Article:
Anyway, source code is a bit of a misnomer here. All of these games were written in assembly, not any high level language. They are very well commented though, and it's more readable that most Python code I've seen...

    • It probably means you get no rights to it use it in any way you choose and that they won't support it for when some noob wants help turn enemies into penis shaped creatures and wants someone to tell him what to copy & paste and how to get it to run on his emulator.
    • by evilviper (135110)

      What does unofficially open sourced mean?

      Means somebody found the source code while dumpster diving.

  • Anyone notice... (Score:1, Interesting)

    by Anonymous Coward
    Anyone else notice "ENCRYPTION CRAPOLA -- GO INTO MARIA" comment in main loop of centipede. Love it!
    • Re: (Score:3, Funny)

      by hedwards (940851)
      Well, if my knowledge of history by way of Hollywood is any help, that's the portion of the game that if accidentally accessed by a kid renders him in control of our nuclear arsenal.
  • This is great news! I've almost finished building my MAME cabinet. I wonder how this will allow the Roms of those games to be released freely.

    Kudos to Atari license holders for releasing this.

    • by sjames (1099)

      Perhaps in a round about way. I don't see any license or anything else, so the safe way would be to release a free Makefile that helps you download the source and then builds a ROM for you.

  • by Knowbuddy (21314) on Friday July 03, 2009 @06:50PM (#28575861) Homepage Journal

    ... we see our first CERT advisory for a buffer overflow exploit in Dig Dug, leading to a remote execution vulnerability in your 'net-enabled MAME console.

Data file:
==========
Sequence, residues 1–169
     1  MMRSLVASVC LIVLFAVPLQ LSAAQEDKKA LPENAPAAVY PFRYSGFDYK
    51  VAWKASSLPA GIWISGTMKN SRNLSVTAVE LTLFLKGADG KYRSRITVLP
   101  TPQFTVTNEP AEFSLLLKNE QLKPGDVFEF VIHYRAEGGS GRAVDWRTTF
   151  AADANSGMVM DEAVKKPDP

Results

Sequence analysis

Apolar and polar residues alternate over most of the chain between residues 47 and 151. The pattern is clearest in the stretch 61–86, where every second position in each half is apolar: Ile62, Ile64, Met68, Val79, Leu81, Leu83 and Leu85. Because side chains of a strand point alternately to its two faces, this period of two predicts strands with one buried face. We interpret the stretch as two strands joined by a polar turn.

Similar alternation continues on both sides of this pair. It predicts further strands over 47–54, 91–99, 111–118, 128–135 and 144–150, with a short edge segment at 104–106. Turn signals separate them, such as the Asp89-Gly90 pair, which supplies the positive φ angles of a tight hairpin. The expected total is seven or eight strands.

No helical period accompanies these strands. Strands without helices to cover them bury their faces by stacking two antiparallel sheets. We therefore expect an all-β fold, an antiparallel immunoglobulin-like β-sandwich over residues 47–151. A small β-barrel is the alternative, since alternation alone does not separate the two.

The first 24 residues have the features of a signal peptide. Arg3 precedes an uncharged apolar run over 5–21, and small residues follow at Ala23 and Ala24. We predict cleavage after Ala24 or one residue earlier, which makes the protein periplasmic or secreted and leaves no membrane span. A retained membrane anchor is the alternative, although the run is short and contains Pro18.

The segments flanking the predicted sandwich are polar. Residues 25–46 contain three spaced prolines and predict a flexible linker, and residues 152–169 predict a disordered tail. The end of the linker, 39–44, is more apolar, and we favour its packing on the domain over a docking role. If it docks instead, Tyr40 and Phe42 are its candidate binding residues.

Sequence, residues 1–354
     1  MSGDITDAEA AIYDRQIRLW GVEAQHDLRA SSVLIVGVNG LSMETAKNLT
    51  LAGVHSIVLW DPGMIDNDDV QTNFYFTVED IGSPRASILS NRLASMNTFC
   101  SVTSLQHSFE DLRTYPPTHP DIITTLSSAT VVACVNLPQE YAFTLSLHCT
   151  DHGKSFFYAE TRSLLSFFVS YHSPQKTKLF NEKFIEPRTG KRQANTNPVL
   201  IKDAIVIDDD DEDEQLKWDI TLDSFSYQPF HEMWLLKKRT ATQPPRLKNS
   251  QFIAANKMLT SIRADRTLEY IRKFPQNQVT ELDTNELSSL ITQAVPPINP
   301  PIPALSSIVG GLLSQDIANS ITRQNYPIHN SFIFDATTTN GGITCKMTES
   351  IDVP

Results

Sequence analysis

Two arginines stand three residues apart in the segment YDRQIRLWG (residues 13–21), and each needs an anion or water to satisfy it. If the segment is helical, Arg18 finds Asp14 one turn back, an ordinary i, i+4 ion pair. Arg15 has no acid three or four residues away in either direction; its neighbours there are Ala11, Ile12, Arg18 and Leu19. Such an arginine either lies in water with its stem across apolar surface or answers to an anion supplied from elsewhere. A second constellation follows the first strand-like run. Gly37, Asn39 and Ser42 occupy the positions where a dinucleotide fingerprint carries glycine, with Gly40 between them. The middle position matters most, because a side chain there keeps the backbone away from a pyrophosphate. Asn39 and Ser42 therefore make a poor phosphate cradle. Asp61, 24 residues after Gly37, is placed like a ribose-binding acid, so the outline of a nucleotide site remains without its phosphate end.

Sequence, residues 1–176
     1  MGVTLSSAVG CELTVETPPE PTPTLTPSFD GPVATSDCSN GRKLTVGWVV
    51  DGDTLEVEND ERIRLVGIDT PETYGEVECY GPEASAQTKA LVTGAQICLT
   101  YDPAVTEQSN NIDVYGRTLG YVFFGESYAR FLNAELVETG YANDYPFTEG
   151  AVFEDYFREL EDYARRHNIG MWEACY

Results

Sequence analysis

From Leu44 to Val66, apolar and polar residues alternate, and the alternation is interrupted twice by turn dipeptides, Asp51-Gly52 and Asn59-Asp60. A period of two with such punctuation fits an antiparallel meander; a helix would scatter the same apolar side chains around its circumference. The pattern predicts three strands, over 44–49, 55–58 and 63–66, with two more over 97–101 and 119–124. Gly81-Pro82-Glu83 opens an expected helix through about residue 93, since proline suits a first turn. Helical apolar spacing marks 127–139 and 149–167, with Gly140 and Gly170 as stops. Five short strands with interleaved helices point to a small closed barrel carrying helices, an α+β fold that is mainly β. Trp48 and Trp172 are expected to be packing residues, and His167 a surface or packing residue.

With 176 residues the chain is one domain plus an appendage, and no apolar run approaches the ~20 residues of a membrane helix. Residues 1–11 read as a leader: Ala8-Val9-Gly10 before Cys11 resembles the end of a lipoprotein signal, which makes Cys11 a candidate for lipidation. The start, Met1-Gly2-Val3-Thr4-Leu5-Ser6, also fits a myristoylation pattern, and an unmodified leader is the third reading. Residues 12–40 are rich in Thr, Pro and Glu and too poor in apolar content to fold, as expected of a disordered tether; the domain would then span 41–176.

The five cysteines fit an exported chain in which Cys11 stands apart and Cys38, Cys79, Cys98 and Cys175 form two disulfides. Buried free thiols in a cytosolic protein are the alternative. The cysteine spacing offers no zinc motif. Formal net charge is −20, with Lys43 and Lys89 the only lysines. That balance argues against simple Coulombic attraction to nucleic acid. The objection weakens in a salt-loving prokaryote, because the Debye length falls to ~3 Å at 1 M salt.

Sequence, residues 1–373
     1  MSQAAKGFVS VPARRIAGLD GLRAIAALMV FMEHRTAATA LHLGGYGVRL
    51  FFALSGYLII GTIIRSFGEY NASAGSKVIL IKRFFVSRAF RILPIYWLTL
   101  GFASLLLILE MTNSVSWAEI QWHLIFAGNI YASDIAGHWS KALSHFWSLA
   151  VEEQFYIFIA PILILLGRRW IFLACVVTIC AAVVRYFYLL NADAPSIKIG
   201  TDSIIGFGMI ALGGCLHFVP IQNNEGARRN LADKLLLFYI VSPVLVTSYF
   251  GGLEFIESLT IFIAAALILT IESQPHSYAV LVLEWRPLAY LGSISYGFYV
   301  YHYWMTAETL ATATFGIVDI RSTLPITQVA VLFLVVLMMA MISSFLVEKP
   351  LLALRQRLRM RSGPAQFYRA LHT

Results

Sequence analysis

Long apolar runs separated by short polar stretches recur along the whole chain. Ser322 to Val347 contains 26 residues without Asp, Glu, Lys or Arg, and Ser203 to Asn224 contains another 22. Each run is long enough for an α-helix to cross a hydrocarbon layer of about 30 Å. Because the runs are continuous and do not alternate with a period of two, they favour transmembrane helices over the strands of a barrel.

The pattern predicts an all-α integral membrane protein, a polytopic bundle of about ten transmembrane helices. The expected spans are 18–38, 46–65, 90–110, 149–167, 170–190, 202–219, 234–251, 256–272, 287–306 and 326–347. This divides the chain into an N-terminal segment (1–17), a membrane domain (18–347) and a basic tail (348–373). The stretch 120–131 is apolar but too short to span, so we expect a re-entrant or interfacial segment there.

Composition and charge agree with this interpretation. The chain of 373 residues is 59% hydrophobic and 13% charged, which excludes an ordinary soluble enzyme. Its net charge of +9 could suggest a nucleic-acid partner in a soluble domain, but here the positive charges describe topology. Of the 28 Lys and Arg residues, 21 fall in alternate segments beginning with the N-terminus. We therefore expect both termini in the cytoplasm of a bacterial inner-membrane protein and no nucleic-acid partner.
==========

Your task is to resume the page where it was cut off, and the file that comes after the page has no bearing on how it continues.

• As a video-addicted teen, so many years ago, with too much time on his hands, I never imagined I would ever be able
    to get my hands on this

    • by dzfoo (772245)

      Er, hold on there, cowboy!

      That's not THE Joust. That's the crappy Atari 7800 port.

      Though it was made by Williams, which kept it very faithful to the original.

      Ok, then, go on--do some cartwheels and stuff. It's cool!

              -dZ.

      • by b1t r0t (216468)

        Er, hold on there, cowboy!

        That's not THE crappy Atari 7800 port. That's the even crappier 2600 port.

  • by basementman (1475159) on Friday July 03, 2009 @06:55PM (#28575895) Homepage
    This unofficial open source release signals that this will finally be the year of the cutting edge linux gaming platform.
    • My hardcore gaming rig runs Lincade [pc2jamma.org]. We are talking serious commercial grade stuff here, HAPPS controls, Tornado spinners, and a 30" Wells/Gardner [happcontrols.com] monitor in a SlickStik cabinet. If you are setting an arcade cabinet, make sure you get Lincade. There is no better gaming experience!
  • by haruchai (17472) on Friday July 03, 2009 @06:58PM (#28575909)

    Should end in SPHINX.zip not Sphinx.zip. Beware the 404